Kasai refused the new currency and kept using the old one, which regained a certain value simply by not being printed anymore.

In other words, even though the government and its central bank ruled that the old zaïre was without value and the full faith and credit of the Zairian government backed the new zaïre, the only currency with any value was the old zaïre — and the value had nothing to do with any fiat issued by the government, but instead the understanding of a sector of the population that because the old zaïre was no longer being printed, it could act as a reasonably safe store of value.

Finally, by 1994, the financial sector was operating entirely with foreign currencies.  Meanwhile, Prunier reports,

As for the Congolese population . . . its tax burden increased out of all proportion, reaching a punishing rate of 7.5 percent of GNP outside the oil and mining levies.

The case of the zaïre is provides strong anecdotal evidence discounting the fiat currency-obsessed Modern Monetary Theory (“MMT”).

. . .

The question MMT simply cannot answer is what happens when, due to monetary and fiscal gymnastics, the consumer simply stops trusting or using the currency. The Zairian central bank could not tax the populace enough to reduce “aggregate demand,” and its attempts to force a new currency on the populace immediately failed. Meanwhile, the older currency, which the government had specifically disavowed, was given value by the people — at least for awhile. Under MMT tenets, this should not have happened; indeed, it should be impossible. And yet, it happened all the same.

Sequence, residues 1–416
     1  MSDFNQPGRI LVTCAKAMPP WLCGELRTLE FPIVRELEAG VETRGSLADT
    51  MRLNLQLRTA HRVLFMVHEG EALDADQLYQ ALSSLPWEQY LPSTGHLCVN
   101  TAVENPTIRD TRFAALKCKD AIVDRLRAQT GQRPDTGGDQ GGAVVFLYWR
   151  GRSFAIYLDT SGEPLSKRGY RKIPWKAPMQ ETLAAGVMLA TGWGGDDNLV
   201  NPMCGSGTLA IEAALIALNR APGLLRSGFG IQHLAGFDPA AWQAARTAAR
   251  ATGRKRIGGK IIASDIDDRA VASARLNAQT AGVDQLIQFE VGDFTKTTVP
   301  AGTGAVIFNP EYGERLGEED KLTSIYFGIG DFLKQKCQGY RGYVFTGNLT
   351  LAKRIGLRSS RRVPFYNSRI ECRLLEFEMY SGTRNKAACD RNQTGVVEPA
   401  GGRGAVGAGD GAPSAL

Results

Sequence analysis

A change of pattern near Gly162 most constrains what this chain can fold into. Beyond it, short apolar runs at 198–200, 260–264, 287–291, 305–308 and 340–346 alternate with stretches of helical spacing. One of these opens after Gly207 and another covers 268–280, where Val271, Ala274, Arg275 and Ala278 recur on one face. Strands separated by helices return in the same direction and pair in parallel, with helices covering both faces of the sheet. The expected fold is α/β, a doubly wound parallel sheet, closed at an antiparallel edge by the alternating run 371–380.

There’s more at the link.

This, of course, is the fundamental flaw in Modern Monetary Theory.  MMT advocates believe they can arbitrarily dictate the amount of fiat currency that should be issued, and that people – the economy as a whole – will simply accept this diktat and use the money accordingly.  Unfortunately, people know full well that something without any underlying value is basically worthless.  Just because an economist or bureaucrat or administrator says that a computer-generated dollar is as good as one produced via economic activity doesn’t mean that it’s true.  The people of Zaire were wise to that, and savvy American consumers are wise to it today.

It’s all very well to promise “pie in the sky”, as MMT does:  but sooner or later people want to see, and touch, and smell, and taste the pie.  When a picture of a pie turns out to have none of those attributes whatsoever, they’ll look for their real pie elsewhere.



  1. Dr. Kelton, who's the American behind MMT says,

    "Inflation only occurs, at least in any damaging degree, under certain conditions. Foremost among those conditions is full employment. When the economy is at full employment, which it rarely is, then the overall purchasing power within the economy may be considered to be at full capacity. At this point, an injection of more money into the economy might result in inflation, since it would likely push demand to outstrip supply, thereby causing prices to soar higher and purchasing power to decline at a dangerous rate. "